Thursday, 2 May 2013
Lime and Coconut Madeleines
Sometimes, I find that inspiration can be lurking in the most unexpected places.
And it strikes at the time I least expect it.
I've written recently about my singular lack of baking mojo. So this week, when I got to my day off and had thought that I'd try and get back in the kitchen, I couldn't actually bring myself to bake anything. A weird kind of procrastination had set in.
I pottered around the house suddenly finding other jobs to do.
One involved sorting through some of my latest cookbook purchases and tidying and reorganising the shelves so I could fit them on. I have a 'system' for storing like books together, and try to keep my baking books easily accessible.
In practice, this meant simply compiling piles of books and moving them around from shelf to shelf until I was reasonably happy with the arrangement. If you have ever read my post for Random Recipes on my cookbook addiction, you'll appreciate that this could take me a while.
But it also meant that I rediscovered a few gems I hadn't seen for a while. Amongst them was Bryn's Kitchen by Bryn Williams.
Thumbing through it reminded me of the Pistachio Cake that a colleague had brought in to work one day, which was so delicious I bought the book on the back of it (and it helped a little that Bryn is Welsh , too, of course).
But I also found a recipe for Madeleines.
"The madeleine (French pronunciation: [mad.lɛn], English // or //) or petite madeleine ([pə.tit mad.lɛn]) is a traditional small cake from Commercy and Liverdun, two communes of the Lorraine region in northeastern France.
"Madeleines are very small sponge cakes with a distinctive shell-like shape acquired from being baked in pans with shell-shaped depressions. Aside from the traditional moulded pan, commonly found in stores specialising in kitchen equipment and even hardware stores, no special tools are required to make madeleines.
"A génoise cake batter is used. The flavour is similar to, but somewhat lighter than, sponge cake. Traditional recipes include very finely ground nuts, usually almonds. A variation uses lemon zest, for a pronounced lemony taste." Source: Wikipedia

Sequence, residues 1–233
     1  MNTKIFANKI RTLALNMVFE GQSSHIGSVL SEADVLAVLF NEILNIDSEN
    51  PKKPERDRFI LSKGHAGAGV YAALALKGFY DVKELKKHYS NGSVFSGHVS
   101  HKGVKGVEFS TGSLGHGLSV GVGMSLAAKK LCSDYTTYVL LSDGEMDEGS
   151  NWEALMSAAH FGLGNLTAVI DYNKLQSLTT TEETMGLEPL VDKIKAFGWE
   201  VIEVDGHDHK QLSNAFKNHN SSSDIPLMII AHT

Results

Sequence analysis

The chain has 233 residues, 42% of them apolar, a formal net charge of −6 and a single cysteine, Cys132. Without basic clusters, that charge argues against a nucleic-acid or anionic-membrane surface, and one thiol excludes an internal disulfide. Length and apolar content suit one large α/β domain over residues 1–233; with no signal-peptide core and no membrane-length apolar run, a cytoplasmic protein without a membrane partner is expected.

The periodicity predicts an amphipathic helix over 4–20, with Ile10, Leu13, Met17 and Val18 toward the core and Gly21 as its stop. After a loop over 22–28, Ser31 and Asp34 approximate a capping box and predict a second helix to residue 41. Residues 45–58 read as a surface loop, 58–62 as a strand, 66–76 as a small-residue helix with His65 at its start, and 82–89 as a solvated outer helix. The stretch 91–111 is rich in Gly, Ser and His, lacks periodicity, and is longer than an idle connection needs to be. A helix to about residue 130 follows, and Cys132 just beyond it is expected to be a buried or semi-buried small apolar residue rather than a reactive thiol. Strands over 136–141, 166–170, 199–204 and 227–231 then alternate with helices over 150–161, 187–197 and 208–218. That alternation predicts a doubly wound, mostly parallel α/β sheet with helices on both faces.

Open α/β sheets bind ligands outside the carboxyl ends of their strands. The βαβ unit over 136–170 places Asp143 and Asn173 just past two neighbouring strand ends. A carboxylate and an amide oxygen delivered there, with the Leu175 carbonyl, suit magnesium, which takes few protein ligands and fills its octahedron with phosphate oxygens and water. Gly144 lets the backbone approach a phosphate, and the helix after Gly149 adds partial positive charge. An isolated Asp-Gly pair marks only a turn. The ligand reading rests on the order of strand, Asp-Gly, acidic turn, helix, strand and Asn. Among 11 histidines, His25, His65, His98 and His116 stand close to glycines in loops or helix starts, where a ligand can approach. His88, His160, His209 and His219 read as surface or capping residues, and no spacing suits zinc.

I've never baked Madeleines before, and intrigued by the recipe, my mind started whirling with the possibilities. So much so that I got straight into the kitchen.
These gorgeous little light cakes were the result.
I decided to use lime and coconut to flavour them, and to finish off with a dipping of dark chocolate and a dusting of some more coconut. They were easy to whip up, and tasted sensational, going down as a hit with Mike and Sam especially. They are something that I can see myself making again and again.
Here's what I did.
Lime and Coconut Madeleines
Ingredients (makes approx 16)
2 large eggs
100g caster sugar
zest from 2 limes
70g plain flour
1 tspn baking powder
15g ground almonds
15g coconut flour *
70g unsalted butter, melted
60g dark chocolate (70% cocoa)
a little extra coconut flour to sprinkle
* The coconut 'flour' I used came from an Asian supermarket and I bought it to go in curries - its a very fine powder, finer than dessicated coconut. See an example here.
Whisk the eggs and sugar together until pale and creamy. Add the lime zest, and then sift the flour and baking powder into the mix. Gently fold in. Add the coconut flour and ground almonds, along with the melted butter and gently fold these in, too. Allow to stand for about an hour.
Preheat the oven to 160 Fan / 180 Conventional / 350 Farenheit / Gas 4.
Grease and flour the shells of a Madeleine tray.
Fill each shell about three quarters full. [Mine were, I think, a little overfilled on the first batch (see below), but they still came out great. The second batch, which I didn't fill so much, were better and had the authentic 'mound' in the top - see the link to Wikipedia for a photo of what this looks like.]
Bake for about 10- 12 minutes in the centre of the oven. The Madeleines should be moist and have a lovely golden colour, without being over baked.
Turn out onto a cooling rack.
To decorate them, I gently melted the dark chocolate in a bowl over a saucepan of simmering water. Once it had cooled a little, I dipped the Madeleines into the chocolate and arranged to dry on a baking tray, sprinkling over a little more coconut.
Eat and enjoy.